238. How does power get from the plant to my house? Where do the voltages go up and down?
The voltage is stepped up at the power plant so that a small current of very high voltage charges (high energy per charge) can carry enormous power across the countryside. When this current arrives at your city, its voltage is stepped down so that a medium current of medium high voltage charges can carry that same enormous power through your city. Finally, near your house, its voltage is again stepped down so that a large current of low voltage charges can carry this power into your house. Naturally, you do not use all of the power from the power plant yourself, so it is distributed among all of the buildings in the city.

239. How is AC converted in certain items to DC?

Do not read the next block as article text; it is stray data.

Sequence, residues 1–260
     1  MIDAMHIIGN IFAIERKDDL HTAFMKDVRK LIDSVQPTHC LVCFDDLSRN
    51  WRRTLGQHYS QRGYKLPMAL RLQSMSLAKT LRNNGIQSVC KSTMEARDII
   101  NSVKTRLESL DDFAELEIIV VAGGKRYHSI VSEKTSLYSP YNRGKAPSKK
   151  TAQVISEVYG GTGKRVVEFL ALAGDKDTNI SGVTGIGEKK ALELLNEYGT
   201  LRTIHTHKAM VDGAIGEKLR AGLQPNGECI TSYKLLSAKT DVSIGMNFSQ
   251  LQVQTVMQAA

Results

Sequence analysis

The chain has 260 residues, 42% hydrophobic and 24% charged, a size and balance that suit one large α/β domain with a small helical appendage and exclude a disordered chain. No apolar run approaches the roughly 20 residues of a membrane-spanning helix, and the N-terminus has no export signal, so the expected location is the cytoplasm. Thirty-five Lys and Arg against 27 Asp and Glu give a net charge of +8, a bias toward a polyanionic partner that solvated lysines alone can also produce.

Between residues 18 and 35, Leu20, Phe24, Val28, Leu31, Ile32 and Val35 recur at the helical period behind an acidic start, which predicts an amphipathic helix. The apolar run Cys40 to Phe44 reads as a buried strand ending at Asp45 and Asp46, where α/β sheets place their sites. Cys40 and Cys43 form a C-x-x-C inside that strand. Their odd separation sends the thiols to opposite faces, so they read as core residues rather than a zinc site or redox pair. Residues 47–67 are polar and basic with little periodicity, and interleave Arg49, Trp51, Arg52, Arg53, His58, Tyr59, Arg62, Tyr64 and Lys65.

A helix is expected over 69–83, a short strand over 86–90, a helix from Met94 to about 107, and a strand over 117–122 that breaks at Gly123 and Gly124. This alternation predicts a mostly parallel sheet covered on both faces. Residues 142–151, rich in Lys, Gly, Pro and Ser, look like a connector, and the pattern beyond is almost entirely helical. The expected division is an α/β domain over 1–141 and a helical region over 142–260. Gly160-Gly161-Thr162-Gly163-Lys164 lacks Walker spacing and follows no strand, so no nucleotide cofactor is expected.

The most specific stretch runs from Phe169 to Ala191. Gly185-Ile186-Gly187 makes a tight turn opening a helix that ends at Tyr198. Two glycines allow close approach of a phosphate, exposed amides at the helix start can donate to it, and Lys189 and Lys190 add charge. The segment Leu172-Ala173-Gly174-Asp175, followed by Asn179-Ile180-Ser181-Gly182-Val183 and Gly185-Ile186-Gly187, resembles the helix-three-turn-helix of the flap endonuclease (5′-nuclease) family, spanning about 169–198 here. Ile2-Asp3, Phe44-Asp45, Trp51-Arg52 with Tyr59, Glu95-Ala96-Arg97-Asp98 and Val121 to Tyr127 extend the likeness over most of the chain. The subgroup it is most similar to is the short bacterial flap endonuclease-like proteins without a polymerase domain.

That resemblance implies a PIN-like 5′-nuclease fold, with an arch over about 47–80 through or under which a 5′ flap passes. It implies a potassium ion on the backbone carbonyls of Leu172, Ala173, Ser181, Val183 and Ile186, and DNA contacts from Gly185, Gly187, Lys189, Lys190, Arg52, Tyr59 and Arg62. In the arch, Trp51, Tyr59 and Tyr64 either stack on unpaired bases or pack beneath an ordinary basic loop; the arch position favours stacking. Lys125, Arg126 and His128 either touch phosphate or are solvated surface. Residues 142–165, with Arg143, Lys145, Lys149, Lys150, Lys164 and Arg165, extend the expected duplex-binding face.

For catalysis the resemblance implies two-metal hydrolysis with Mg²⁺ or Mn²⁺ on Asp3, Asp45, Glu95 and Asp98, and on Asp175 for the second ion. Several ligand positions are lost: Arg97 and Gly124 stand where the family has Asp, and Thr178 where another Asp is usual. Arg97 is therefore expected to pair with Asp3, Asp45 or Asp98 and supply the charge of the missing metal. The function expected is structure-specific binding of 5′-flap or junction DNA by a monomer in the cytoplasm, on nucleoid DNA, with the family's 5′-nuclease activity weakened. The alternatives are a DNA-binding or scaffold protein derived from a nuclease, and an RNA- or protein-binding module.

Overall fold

These devices use diodes, which are one-way devices for current. They only allow the current to flow a certain direction and block its flow the other way. With the help of some charge storage devices called capacitors, these diodes can stop the reversals of AC and turn it into DC. Those little black battery eliminators that you use for household electronic devices contain a transformer, a few diodes and a capacitor or two.

A step-up transformer has a secondary coil with many, many turns. As the current in the primary circuit flows back and forth, it creates a reversing electric field around the iron core of the transformer. This electric field pushes charges through the secondary coil so that it travels around and around the core. Each charge goes around many times, picking up more energy with each passage. By the time the charge leaves the transformer, it has lots of energy so its voltage is very high.

240. How is AC current (alternating current) made?
Usually with alternating current generators, which we will discuss next. It can also be made by electronic alternators, such as those found in the uninterruptible power supplies that provide backups for computers.